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Sun, Java, and the Middle Course

Onno Kluyt leans forward intently. He's doing interviews all this week, and here he is leaning across yet another generic table in yet another interchangeable room at Moscone South with an assiduous PR person at his elbow and a skeptical journalist in his crosshairs. Kluyt's job at JavaOne is to talk up community, to push this message of openness relentlessly to the press and to developers, and if he were anything less than earnest about the task, it would be painful to watch.

Onno Kluyt discusses Sun's Java Community Process at JavaOne.

But there is no mistaking Kluyt's commitment. He's the chair of Sun's Java Community Process (JCP) program (, and Sun's commitment to community is not just his message, it's his mission. "JCP defines what Java is," he tells me. "It's where to stay abreast of developments in Java, even if you're not active in the JCP. It's the one place where Sun can't ignore you."

Jonathan Schwartz and Rich Green share the stage at JavaOne.

This idea of community is not just some public relations gimmick Sun dreamed up last week. It's not unreasonable to say that Sun has always been about openness. "We were the Red Hat of Berkeley UNIX back in 1982," Scott McNealy has said. Andy Bechtolscheim's original workstation that convinced Vinod Khosla to start Sun was a model of building with off-the-shelf parts. With Java, "the open story has been going on for 11 years," Community Marketing Manager Rich Sands tells me over another of those tables at Moscone. The arrival of Java also brought increased emphasis on another capital-C theme about which Sun is obsessive—compatibility, encapsulated in the slogan "Write once, run anywhere."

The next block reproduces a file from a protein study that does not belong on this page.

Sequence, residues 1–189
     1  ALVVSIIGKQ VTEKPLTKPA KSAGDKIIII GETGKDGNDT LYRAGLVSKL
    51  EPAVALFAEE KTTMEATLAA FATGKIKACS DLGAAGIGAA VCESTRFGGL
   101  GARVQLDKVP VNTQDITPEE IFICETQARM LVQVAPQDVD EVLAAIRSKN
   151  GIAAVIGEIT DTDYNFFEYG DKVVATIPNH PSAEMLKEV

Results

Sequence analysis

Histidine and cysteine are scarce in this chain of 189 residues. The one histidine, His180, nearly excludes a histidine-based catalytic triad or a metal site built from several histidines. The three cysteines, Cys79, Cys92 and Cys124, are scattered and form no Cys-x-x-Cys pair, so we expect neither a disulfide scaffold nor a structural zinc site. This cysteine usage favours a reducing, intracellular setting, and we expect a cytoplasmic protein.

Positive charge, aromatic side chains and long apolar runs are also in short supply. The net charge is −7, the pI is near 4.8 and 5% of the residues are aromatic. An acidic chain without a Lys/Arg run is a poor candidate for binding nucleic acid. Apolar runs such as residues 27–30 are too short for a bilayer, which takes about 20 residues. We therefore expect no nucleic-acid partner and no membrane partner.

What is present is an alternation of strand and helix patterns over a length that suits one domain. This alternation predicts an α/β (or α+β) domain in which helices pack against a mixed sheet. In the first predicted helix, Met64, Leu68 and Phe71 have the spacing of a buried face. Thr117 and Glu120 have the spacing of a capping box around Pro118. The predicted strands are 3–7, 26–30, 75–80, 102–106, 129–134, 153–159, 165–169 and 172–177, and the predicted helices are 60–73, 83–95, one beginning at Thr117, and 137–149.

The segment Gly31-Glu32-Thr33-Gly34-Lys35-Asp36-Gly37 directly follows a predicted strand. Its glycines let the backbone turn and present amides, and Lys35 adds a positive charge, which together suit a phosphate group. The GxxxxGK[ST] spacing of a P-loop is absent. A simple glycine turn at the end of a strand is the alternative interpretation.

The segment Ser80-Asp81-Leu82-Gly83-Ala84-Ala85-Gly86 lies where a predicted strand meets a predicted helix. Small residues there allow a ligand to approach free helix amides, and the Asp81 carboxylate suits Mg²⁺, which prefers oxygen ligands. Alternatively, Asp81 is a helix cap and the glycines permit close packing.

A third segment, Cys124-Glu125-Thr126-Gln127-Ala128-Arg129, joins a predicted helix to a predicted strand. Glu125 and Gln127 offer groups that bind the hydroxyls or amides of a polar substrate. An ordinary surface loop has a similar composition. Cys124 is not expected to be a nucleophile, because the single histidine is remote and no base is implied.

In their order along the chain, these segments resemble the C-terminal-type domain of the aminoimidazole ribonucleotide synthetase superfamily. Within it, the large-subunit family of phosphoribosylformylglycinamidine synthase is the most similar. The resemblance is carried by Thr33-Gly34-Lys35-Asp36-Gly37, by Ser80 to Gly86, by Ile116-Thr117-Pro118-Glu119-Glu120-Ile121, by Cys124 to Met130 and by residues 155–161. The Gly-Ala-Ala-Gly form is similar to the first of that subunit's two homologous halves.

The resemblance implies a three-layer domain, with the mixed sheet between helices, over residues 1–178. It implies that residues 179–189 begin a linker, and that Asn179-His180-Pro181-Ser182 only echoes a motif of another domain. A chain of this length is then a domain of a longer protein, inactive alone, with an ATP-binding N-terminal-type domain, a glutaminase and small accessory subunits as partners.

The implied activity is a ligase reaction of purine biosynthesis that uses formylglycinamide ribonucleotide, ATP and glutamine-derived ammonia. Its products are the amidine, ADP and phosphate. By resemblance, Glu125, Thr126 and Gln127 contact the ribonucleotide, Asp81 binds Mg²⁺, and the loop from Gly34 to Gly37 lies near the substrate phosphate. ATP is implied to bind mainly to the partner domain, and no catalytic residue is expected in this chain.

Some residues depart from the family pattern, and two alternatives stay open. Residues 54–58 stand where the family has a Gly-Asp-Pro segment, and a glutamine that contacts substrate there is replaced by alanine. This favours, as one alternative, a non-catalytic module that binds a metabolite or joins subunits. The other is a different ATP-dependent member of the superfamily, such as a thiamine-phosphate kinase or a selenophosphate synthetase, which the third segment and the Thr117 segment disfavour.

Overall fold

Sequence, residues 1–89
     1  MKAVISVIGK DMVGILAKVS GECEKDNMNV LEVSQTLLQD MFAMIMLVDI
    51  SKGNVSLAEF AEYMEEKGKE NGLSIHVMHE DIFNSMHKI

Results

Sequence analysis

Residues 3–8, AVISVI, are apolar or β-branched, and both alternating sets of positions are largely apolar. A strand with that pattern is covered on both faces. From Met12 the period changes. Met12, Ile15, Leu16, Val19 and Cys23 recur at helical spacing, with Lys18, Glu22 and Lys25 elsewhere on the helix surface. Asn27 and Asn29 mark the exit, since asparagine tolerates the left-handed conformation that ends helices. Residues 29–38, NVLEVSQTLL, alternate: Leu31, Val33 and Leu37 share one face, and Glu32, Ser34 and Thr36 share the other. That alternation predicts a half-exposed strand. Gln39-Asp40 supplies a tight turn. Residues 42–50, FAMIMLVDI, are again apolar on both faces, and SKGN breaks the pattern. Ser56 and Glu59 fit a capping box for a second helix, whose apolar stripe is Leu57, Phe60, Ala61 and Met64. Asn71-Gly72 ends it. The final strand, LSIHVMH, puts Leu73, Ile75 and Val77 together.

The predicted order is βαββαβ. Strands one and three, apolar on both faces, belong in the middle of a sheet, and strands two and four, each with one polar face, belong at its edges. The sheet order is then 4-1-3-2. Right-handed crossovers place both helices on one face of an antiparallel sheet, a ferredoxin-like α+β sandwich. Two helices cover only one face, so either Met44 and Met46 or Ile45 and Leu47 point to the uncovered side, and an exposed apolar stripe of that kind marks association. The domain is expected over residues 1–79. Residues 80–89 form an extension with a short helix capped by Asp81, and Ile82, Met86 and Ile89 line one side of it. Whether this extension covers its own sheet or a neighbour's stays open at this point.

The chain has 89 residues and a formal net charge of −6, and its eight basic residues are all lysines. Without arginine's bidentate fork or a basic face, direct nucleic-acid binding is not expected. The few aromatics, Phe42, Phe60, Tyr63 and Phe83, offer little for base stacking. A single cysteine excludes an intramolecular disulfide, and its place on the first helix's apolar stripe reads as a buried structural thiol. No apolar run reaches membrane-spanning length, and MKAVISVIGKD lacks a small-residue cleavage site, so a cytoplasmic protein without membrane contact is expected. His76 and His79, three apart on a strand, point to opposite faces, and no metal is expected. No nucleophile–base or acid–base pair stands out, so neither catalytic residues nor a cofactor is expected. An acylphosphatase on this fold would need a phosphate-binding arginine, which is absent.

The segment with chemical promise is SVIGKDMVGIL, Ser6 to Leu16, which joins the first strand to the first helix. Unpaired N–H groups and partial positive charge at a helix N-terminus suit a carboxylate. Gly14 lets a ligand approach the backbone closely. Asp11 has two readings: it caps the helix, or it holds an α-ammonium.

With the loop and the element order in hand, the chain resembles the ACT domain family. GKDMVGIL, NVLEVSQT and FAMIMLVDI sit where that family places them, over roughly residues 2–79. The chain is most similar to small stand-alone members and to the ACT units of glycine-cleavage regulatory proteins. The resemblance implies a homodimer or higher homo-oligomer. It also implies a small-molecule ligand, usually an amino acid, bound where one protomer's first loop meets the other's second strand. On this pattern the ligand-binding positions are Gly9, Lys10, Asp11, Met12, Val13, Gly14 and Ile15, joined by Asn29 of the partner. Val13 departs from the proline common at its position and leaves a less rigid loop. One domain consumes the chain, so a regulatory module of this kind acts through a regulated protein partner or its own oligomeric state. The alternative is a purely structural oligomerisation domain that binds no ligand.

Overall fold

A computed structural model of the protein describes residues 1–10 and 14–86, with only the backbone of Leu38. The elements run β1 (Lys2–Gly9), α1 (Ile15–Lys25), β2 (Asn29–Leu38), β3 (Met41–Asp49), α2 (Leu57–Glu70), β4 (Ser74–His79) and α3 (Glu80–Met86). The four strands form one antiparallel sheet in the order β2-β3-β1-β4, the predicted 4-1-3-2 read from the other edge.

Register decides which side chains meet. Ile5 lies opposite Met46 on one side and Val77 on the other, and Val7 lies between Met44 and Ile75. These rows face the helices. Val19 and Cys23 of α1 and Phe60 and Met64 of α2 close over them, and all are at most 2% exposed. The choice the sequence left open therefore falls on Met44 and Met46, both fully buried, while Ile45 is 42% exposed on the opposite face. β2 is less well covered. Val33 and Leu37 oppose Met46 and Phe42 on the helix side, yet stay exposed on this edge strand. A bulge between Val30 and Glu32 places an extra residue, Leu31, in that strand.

But Sun is currently facing challenges on many fronts. Open Source projects like Eclipse challenge its development tools and challenge its commitment to openness. There's a challenge in meeting demand for programmer productivity and speed of development that is being thrown at Sun by focused development environments and tools like Ruby on Rails. Microsoft is a perpetual challenge, with dot-net now the elephant in the room. There's profitability, of course: The bottom line is challenging Sun now. And, arising out of all these challenges, there's the challenge of a dubious image.

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